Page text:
Martin was aware that they had stopped walking.

Andrea gestured toward a pay phone at the edge of the square, near the side door of the great church.

     “Would you?” He asked as he handed the receiver to Andrea. “I don’t know how to do this and besides,” he said as he gestured toward his casted arm, “I don’t have enough hands.”

Andrea took the receiver and dialed the direct long distance calling card code that Martin gave him. He handed the receiver back to him and then stood off a small distance to give him some privacy.

A very sleepy Bill Matthews answered on the other end.

     “Hello?” He mumbled.

     “Bill? This is Martin.”

     “Martin, Martin! My God, are you alright?”

     “Yes, I’m fine…”

     “But where are you? What time is it? I’ll…”

     “Bill,” Martin calmed him with a soothing tone, “I’m all right and I’ll tell you all about it when I get back but in the meantime, I want you to do something for me.”

     “God, it was all over the papers and news here… are you sure you’re okay?” Bill sounded doubtful, and who could blame him?

     “I’m fine. I’m headed for the airport now and like I said, I’ll tell you the whole story when I get back. But right now, I want you to listen to me. I want you to get in touch with Elizabeth…”

     “I have been negotiating with her and Landiss…”

     “No, go around Landiss. Deal with Elizabeth only. She was a reasonable woman once and I believe that she can be again if she is treated fairly. Call a meeting with her and then give her whatever she wants. Be fair, be generous, hell, give her everything! I don’t care anymore. She’s earned it! Let her have whatever she wants and if she wants half of the business, sign it over. If she wants the whole thing, that’s fine. If you can keep something for me to live on, great, if not, well then as I recall you have a sofa that turns into a bed right?”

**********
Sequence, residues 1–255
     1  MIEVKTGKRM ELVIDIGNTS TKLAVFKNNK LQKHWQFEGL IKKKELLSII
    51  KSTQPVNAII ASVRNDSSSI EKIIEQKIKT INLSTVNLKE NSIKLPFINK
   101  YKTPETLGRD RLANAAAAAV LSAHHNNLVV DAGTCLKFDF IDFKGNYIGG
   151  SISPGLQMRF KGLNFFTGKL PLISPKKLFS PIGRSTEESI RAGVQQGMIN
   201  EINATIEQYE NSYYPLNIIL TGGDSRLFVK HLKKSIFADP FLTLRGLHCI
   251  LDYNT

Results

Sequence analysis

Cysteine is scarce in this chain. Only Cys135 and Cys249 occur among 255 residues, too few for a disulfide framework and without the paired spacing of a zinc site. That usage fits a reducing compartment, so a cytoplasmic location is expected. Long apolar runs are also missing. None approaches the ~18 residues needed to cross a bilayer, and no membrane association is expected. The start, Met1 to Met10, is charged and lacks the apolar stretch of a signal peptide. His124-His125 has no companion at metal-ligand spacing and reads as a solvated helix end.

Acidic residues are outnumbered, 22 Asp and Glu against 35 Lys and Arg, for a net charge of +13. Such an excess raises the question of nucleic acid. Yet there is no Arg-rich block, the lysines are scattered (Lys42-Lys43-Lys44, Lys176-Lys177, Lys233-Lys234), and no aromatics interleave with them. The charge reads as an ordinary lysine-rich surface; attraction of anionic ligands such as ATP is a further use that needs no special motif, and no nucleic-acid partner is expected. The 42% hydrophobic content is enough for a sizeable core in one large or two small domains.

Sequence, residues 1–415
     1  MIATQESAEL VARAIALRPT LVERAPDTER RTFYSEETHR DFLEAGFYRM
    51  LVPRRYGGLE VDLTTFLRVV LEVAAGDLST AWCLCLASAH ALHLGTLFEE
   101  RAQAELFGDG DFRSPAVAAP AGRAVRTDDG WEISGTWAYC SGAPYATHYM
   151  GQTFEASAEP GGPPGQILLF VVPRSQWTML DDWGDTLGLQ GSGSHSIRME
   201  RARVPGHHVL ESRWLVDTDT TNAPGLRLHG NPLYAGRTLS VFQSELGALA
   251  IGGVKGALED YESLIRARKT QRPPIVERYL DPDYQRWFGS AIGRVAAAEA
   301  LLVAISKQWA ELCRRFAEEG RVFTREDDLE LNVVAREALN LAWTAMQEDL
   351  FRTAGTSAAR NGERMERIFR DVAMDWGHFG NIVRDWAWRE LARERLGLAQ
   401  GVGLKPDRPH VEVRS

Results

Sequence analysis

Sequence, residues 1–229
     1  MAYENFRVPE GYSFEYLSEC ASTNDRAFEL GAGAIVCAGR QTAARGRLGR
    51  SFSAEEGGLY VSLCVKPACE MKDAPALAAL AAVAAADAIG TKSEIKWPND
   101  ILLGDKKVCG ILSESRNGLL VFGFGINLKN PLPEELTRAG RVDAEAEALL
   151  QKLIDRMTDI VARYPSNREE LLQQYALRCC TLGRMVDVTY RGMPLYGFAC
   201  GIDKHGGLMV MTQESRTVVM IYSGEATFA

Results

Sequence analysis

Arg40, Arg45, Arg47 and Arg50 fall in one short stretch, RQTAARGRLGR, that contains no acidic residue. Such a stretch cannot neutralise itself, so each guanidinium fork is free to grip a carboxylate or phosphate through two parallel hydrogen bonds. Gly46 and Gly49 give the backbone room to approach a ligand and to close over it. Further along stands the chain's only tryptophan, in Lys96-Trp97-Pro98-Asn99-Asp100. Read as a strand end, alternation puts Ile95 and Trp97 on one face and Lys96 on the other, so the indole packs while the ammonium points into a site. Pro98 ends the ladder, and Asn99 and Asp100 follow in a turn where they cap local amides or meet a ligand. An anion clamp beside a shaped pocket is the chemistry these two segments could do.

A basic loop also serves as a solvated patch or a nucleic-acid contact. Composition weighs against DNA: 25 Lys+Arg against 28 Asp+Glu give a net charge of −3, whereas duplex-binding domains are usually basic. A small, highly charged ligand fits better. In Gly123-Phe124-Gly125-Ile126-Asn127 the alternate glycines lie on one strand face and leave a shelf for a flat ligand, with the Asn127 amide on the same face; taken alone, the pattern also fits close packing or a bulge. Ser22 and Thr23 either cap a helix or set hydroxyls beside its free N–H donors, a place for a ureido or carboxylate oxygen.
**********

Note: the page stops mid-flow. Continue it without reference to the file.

There was a long strenuous silence that hummed through the wire.

     “That’s a joke Bill.”

     “Okay, a joke, well I’m sorry, but it’s four in the morning here. I’m not in the mood for jokes. Why the change of heart anyway?”

     “I’ll tell you all about it in a few days.”

     “A few days? Last I heard it only took nine or ten hours to fly to the states.”

     “Yeah, well I have things to do.”

     “What do you mean, ‘things to do?’ What are you going to do?” He asked incredulously.

Martin looked around the square, at the sun, the sky and felt the steady and sure beating of his heart.

     “Martin? Martin? What are you going to do?” Bill demanded.

Martin smiled so that his joy could be heard in his voice.

     “I’m going to take the long way home.” He said and hung up.

Andrea walked back to him and started to speak but saw that Martin was staring steadily up at the Golden Lion. Andrea directed his gaze toward the statue as well, as Martin broke the silence.

     “Tell me something…” Martin asked.

     “If I can.” Andrea answered.

     “The Lion, does he smile or snarl?”

     Andrea dropped his gaze back to his friend. “I don’t understand.” He said.

     Martin pointed toward the Lion. “Him, does he smile or snarl?”

     “Yes. I know you are speaking of the Lion of San Marco but I do not understand what it is that you mean.” Andrea insisted.

     “Well, you know, the legend of the Lion.”